The Russian government controlled energy giant Gazprom's boss Alexei Miller on Monday - the day after Vladimir Putin turned 60 - offered a rather strange birthday present to the celebrator - an underused, loss making gas pipeline:
The second phase of the mammoth Nord Stream pipeline went into operation Monday, increasing Gazprom's options for selling its natural gas to Europe.Unlike for the first line, no country leaders turned out for the ceremony, but President Vladimir Putin received perhaps the biggest ever tribute for his distinct role in the Gazprom-led project.
Gazprom chief Alexei Miller described the completion of the second — and as yet the final — phase as a present to Putin, who celebrated his 60th birthday Sunday.
"There is symbolism in the fact that we're bringing the capacity to its fullest during the days of Vladimir Putin's anniversary," Miller said, addressing an audience that included former German Chancellor Gerhard Schroeder, now chairman of Nord Stream's board. "It's a gift of sorts to the author of the idea."
What Miller did not tell, is that the first pipeline has been running only on 30-40% of its maximum capacity. Adding a second pipeline will make the situation even worse:
Analysts think that Russian pipeline gas, bound to the oil price, is too expensive, that’s a problem for the consumers, and for Gazprom itself. They explain the low level loading of the first branch of Nord Stream by the unflexible pricing policy. It was 30-40% of maximum capacity within the first 11 months of operation, the press-secretary of the pipeline operator Nord Stream Company, J. Mueller confirms. It transported within the period 9 billion cubic m.
Gazprom is likely to be dissatisfied with commercial results of the first year of the pipeline's operation. The risk of idling even increases with the launch of the second branch if the supplier disagrees to offer its products by lower prices, the expert for energy of the analytical center of Deutsche Bank, J. Auer thinks. In future the USA will start liquid shale gas supplies to Europe, maybe in 2015 when the liquefying device will start operation. It will damage the competitiveness of Nord Stream.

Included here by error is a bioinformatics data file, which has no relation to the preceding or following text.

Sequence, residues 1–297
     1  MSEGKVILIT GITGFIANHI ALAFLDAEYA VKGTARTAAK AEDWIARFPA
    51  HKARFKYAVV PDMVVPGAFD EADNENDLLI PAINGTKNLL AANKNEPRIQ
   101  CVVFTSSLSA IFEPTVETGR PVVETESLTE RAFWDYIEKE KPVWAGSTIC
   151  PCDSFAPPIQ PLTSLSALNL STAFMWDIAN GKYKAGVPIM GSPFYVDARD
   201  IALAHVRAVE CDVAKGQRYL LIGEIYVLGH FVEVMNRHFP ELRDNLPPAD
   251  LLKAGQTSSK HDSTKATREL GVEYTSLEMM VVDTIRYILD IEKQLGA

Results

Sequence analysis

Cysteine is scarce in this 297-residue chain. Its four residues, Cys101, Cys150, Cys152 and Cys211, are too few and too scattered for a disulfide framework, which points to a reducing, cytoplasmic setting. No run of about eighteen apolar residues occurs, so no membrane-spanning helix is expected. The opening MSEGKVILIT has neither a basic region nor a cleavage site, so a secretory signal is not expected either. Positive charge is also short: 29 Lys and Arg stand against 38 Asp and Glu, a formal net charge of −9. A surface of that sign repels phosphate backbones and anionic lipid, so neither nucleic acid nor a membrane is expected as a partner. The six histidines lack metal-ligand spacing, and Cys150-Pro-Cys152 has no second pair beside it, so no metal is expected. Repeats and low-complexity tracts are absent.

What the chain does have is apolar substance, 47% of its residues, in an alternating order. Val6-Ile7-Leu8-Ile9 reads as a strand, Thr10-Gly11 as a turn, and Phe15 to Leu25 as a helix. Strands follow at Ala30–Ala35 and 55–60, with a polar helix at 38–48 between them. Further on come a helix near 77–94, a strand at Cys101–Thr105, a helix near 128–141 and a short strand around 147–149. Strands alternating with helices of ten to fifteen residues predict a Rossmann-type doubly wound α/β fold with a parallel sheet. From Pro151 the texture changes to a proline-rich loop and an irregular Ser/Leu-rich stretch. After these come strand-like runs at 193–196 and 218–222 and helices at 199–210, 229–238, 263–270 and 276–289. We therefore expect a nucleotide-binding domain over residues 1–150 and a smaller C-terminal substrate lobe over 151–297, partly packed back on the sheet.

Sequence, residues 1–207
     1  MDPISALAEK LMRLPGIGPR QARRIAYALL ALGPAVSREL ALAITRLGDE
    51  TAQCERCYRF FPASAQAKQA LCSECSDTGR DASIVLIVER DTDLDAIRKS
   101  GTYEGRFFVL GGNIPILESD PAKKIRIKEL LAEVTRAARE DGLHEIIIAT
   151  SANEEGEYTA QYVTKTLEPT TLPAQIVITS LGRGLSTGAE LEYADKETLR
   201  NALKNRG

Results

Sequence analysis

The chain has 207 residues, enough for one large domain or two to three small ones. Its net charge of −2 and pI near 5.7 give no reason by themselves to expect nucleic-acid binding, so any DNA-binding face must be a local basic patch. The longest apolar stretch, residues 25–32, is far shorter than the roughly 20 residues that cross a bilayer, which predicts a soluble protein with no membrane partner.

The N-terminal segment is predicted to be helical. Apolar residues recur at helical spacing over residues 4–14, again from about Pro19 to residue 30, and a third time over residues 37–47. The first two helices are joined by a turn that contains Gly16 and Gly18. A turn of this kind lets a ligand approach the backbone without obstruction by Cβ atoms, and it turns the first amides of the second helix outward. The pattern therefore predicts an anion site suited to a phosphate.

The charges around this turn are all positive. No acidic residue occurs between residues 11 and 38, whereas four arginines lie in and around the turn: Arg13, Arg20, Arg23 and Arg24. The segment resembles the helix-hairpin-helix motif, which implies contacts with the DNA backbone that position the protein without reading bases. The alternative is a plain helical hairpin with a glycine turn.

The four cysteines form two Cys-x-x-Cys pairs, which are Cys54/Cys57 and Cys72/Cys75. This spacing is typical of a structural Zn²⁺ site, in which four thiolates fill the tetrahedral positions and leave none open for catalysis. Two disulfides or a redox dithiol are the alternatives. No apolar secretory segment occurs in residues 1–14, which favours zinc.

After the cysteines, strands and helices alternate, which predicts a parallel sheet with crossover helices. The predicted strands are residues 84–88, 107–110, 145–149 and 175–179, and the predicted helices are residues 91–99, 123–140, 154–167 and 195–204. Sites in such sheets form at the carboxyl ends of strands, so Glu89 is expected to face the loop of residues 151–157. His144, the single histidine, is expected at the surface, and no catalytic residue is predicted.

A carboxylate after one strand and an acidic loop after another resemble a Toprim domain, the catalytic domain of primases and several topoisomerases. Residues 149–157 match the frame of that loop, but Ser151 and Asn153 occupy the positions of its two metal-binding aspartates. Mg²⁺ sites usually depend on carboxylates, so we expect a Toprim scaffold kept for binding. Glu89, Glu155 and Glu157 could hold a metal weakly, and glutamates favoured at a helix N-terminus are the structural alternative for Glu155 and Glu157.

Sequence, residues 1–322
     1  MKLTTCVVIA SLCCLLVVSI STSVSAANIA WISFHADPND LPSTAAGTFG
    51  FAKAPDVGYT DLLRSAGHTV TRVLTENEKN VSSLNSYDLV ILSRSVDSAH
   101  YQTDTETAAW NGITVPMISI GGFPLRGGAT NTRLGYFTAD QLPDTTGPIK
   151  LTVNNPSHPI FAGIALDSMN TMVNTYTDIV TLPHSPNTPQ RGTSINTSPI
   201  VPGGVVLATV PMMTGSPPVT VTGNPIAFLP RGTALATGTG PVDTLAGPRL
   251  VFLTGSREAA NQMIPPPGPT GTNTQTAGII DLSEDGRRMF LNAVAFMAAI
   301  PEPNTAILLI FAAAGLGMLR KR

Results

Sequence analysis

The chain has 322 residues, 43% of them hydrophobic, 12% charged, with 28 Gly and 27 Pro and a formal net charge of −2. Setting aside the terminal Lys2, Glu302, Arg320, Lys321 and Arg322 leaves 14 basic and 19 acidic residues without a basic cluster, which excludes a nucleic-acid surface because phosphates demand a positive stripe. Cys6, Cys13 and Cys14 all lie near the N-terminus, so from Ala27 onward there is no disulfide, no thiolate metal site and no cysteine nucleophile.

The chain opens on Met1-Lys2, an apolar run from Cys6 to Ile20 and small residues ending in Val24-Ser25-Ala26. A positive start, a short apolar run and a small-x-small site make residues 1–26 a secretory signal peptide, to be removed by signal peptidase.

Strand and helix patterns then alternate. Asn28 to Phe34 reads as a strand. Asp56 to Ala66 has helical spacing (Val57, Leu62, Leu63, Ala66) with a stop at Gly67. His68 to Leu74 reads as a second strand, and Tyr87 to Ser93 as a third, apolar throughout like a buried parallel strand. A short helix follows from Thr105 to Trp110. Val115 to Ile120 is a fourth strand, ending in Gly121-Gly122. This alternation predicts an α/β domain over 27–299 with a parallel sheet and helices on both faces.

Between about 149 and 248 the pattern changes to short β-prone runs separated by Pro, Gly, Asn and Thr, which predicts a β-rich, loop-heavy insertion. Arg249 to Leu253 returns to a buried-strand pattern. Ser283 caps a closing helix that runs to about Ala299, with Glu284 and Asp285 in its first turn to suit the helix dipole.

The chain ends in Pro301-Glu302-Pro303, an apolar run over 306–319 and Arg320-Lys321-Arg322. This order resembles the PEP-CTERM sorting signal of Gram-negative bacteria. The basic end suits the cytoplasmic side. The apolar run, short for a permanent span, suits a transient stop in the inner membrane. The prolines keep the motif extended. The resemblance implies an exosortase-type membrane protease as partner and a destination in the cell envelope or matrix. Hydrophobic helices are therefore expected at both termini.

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However, what Miller told the press at the inauguration of the second Nord Stream pipeline was even more strange than the "birthday present":
Miller said that Nord Stream shareholders concluded earlier that day that it was feasible and commercially viable to add a third and a fourth line to the project. They agreed that a separate company would execute any further expansion, Nord Stream said in a statement. The shareholders will decide on their participation by the end of March, which will also be the deadline for incorporating that company.
Gazprom owns 51% of the Nord Steam shares, Germany's BASF and E.On Ruhrgas own 15.5 percent each, while Holland's Gasunie and France's GDF Suez split the rest. If the European power companies who own 49% of the shares really think that it is "feasible and commercially viable to add a third and a fourth line" (at the prices Gazprom charges), their shareholders have a real reason to worry about the professionalism of the top executives of these companies.